2020 was a lost season for players stuck in the minors. Hunter Brown season (among hundreds of others was canceled and really we had no idea about a number of things coming out of it. There was some signal when fangraphs had him as the number 2 prospect for the Astros entering 2021. This excitement was buoyed by the chatter that while the Astros had a strong farm system their farm system was also deep. It would be harder to identify just who would break through. 

The Hunter becomes the Hunted

When everyone came back in 2021 Hunter showed he had the stuff to be a starter… if. He made 19 starts across AA and AAA for Houston and struck out 131 hitters in 100.1 innings (11.8 k/9). Hunter also seemed to be good at limiting hard contact. In 2021 he gave up 12 home runs in those 100 innings. He also had a 1.415 WHIP that season. His problems were when he couldn’t limit baserunners. IF Hunter could limit his hits or his walks he would take off up the prospect rankings. Which is what happened in 2022. In AAA he started 14 games and had a 9-4 record with a 2.55 era and 134 K’s in 106 innings. His whip fell to 1.085 and his home runs allowed went from 12 to five. Strikeouts, limiting hard quality, limiting walks, having significant success in the minors with trackable improvements every year it felt like it was happening.

See What (Hunter) Brown can do for you.

In September of 2022 Houston called up Hunter Brown for a couple starts and a few relief appearances. He wasn’t used a lot in their World Series winning playoff run and at the end of last season there were still a number of questions. But all along I think Houston has an idea. In the years that Brown was working his way up the ladder Houston had Verlander, Cole, Greinke, and Odorizzi among others making starts for them. They let all of those players walk including Cole in his prime and Verlander after he won a Cy Young with them in 2022. Houston sees a three-pitch pitcher with high K rates and low hard hit rates. He pitches for a team that should win a lot of games the next five years. This rotation is one of the best in all of baseball and with Framber Valdez and Cristian Javier in the rotation with Hunter my feeling is going into 2024 they will all be considered top 25 SP in fantasy. If you are in a league where the manager doesn’t believe (or dislikes the Astros) buy now. He is worth finding out what Brown can do for your fantasy squad.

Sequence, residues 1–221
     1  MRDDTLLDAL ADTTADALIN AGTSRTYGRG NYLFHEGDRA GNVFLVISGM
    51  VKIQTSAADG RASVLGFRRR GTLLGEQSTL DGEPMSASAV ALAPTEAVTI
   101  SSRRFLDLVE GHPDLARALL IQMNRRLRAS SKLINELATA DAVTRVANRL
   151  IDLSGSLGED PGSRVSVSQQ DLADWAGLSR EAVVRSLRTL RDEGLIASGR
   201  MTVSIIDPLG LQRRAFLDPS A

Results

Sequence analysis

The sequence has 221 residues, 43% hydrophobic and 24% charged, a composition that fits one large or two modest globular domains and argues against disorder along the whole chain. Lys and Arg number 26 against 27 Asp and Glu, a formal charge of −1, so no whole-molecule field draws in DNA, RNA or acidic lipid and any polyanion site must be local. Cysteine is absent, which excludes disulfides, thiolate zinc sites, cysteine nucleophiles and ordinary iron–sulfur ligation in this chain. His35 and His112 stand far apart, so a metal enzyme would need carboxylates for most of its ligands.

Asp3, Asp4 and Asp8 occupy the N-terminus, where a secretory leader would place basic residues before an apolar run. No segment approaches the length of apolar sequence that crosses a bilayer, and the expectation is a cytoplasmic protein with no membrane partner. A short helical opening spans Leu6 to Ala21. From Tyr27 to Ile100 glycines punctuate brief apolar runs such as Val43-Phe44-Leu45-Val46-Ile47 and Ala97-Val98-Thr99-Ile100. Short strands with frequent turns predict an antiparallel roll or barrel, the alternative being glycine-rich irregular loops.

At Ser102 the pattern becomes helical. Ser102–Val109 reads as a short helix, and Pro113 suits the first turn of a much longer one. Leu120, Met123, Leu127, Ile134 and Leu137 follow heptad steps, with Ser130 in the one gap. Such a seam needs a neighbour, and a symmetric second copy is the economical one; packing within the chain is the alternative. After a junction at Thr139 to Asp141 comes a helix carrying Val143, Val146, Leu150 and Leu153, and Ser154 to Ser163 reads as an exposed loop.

Luis Santana, Age: 23, Position: 2B/3B, Level: Double-A

Analysis by: Phil Barrington

Oye Como Va

The 5’6” 196-pound, free swinging, right-handed hitter from the Dominican Republic is a name most of you out in Dynastyland may not be familiar with. Follow me, dear reader, on a path of enlightenment. Signed way back in 2016 by the Mets and stayed in Rookie ball for multiple seasons, until, in January 2019, Santana was traded from the Mets to the Astros with outfielder Ross Adolph and catcher Scott Manea for infielder J.D. Davis and infielder Cody Bohanek. Houston was more aggressive in promoting the solidly-built middle infielder, getting him to Double-A before the end of the 2019 season. Then, he lost a developmental in 2020, and spent 2021 playing for the High-A Asheville Tourists.


Santana returned to Asheville for the 2022 season, and it was a productive one. He was named a Milb.com Astros All-star and Sally league player of the month in both June and September. In 97 games Santana went 11/11 with 23 doubles and slashed .297/.386/.472, good for an .858 OPS. A 10% Walk rate and only 17% K rate supported a hitter improving his game as he rises through the minor leagues.

Soul Sacrifice

Santana has started off quiet this season for the Double-A Corpus Christi Hooks, slashing only .226/.250/.605 with a homer and a steal, but that’s in only 31 at-bats, so I’m giving him a longer leash to produce this season, but, of course, we would like to see better out of the gate. Playing second and third base, Santana may be able to step in, one day, for the similarly diminutive Jose Altuve in Houston’s big league lineup…or he makes it as a utility guy…or he never makes it to the bigs. Risk has to be weighed with reward, as we all know.

Rostered in only 1% of Fantrax leagues (probably only by me) he is only for the deepest of leagues; also not found on the top 30 Astros prospect list by mlb.com, and no top prospect lists that I could find. However, I learned from another great fantasy writer that when they zig, we zag. I like being ahead of the curve than behind it, so if you’re in a deep league, why not add him up, see what happens, he isn’t going to cost anything (at the moment).

The Author

Phil Barrington

Phil Barrington

Fantasy player since 1999, specializing in OPS leagues. Accountant by day, fantasy writer by night. Spreadsheets are life.